I would categorize myself under panentheist (gods permeate all of nature, but exist apart from nature as well), animist (I believe some things that are complex enough have a soul, like my car, although it is NOT a god), and a form of “hard” polytheism called henopolytheism (devotion to one pantheon without denying the existence of other gods outside of that set – I believe in, but do not follow, my husband’s path in which he is devoted to the Norse gods of his ancestors). With “hard” polytheism described as believing that there are distinct and literal gods and goddesses (or forces) in multiplicity with unique personalities who aren’t reducible to one force or being. I don’t think They are limited to the Olympians, either.

2. Of those beings that exist, can they interact with the world (e.g. cause real world changes)? Do they?

Yes. Sometimes They come to us in our dreams and influence us there. In-fact, the gods of dreams are said in the Orphic hymns to deliver messages from the gods. Sometimes the theoi take the personage of someone we know, or even a stranger, to test or guide us. Sometimes they take the role of natural forces that change the world in a direct way. However, different gods will interact more or less with the world and with us. Hestia is content to stay by the hearth, while Hypnos comes to us nightly to bless us with sleep, and hopefully, I hope I will not meet Nemesis in my lifetime – but acknowledge that She has every right to touch it should I stray from the just path or succumb to hubris. Her sister, Oizys (Anxiety and Guilt), is one that I’ve contended with since adolescence, and has motivated change in my life. Other gods once interacted with the world, but no more, like many of the Titans.

3. Of the beings that can and do interact with the world, are they concerned with the fate of mortals? Are they concerned with individuals or only groups?

It depends on the god and on his or her generation. With each generation, Their focus is more specific, and they are more approachable and take more direct influence upon specific mortals. Apollon inflicts plague upon many, while people pray to his son Asklepios for cures.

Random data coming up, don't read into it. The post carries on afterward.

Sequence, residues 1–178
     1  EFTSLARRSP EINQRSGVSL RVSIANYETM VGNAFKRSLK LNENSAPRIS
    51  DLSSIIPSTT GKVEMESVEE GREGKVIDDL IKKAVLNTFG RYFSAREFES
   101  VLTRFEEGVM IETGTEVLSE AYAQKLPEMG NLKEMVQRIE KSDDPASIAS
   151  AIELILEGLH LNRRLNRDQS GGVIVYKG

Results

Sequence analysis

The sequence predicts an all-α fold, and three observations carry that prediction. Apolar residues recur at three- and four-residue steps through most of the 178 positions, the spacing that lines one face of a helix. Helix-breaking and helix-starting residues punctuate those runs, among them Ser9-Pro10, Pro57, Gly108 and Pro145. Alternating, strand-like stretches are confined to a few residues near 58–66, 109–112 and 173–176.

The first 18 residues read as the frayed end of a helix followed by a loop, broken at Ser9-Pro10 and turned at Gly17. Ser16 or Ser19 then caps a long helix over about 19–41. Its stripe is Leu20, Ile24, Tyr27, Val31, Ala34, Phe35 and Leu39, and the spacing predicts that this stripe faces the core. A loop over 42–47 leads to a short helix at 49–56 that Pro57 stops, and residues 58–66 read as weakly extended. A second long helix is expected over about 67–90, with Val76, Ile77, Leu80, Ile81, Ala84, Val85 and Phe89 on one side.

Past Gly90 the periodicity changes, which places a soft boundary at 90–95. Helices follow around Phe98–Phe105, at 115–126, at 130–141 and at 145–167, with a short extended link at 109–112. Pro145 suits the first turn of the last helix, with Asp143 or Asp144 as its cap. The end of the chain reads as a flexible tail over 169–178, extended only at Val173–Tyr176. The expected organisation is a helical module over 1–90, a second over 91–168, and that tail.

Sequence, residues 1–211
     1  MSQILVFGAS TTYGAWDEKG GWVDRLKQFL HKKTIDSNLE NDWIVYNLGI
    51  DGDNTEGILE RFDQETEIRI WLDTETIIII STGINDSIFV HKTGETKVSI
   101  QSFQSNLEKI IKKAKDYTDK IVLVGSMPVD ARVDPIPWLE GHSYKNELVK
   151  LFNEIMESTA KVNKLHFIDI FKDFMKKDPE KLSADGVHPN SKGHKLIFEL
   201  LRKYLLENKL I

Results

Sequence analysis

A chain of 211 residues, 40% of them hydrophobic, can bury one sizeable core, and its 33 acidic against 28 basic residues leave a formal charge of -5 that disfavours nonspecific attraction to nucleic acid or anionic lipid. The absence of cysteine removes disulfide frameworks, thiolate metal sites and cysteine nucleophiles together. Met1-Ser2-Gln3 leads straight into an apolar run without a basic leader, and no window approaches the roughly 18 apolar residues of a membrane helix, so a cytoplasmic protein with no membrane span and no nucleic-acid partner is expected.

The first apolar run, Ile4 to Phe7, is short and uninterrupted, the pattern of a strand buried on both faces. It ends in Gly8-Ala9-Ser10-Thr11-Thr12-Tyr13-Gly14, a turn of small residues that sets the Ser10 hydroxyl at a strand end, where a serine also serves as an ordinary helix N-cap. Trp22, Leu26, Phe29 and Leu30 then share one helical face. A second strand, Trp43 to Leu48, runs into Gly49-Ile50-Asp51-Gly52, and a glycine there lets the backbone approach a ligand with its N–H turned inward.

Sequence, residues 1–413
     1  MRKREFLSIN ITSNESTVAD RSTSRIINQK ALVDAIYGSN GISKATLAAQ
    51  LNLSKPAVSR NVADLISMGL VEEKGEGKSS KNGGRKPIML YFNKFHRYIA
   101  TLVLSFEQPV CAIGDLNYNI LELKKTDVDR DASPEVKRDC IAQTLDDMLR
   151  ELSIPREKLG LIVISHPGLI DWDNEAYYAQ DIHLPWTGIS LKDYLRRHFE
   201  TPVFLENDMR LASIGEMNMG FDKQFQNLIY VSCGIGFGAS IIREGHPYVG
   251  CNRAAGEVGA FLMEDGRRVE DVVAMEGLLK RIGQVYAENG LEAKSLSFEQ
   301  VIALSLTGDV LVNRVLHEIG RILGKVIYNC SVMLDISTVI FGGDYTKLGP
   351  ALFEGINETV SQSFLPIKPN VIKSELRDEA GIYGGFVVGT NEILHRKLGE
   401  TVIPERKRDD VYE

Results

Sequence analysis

4. Has this knowledge of Hellenic history changed (or enlightened) your religious beliefs? Of the beliefs of the different periods, which do you feel is closest to your own beliefs? In what ways?

Yes. A scholarly approach, and the content gained from it, enrich my beliefs and give them shape and substance. But this is tempered by the practicalities and needs of modern life. I don’t have enough knowledge yet to distinguish very much between the different periods, but I lean towards the pre-Christian and pre-monotheist emphasis that replaced religion with philosophy.

How We Relate to the Theoi (Gods)

So-called "Velletri Pallas": Helmete...

Velletri Pallas Image via Wikipedia

1. How important is it for you to understand such things as “the nature of the Immortals”? Is it enough for us to merely understand what the Immortals define as an ethical life? And how does this choice impact both worship and daily life?

I doubt I ever will succeed, but it is important to try to understand Their nature. The reason is that by studying, discussing, and contemplating Them we draw closer to Them. By understanding Their nature, we know how to approach our relationship with Them – to who we might pray to and what we may offer, and who to acknowledge when our lives are touched and how to compose a hymn in thanks.

The gods can be perceived literally as deities who can take the form of a fellow human, even one asking for the shelter of your oikos as a guest, and They can be perceived more figuratively and Their interactions for analogies for natural forces and concepts. Both perspectives are equally valid, like light being both a wave and a particle. It is the paradox, and ultimately unknowable, in which They dwell.

After-all, to understand is to stand under a concept. One has to put the concept (in this case a god) above oneself to comprehend it.

Following this desire to approach and acknowledge and revere is worship and daily life. They are not separated. Worship is the unity of mind with body (thought with action) and celebration and reverence with daily life.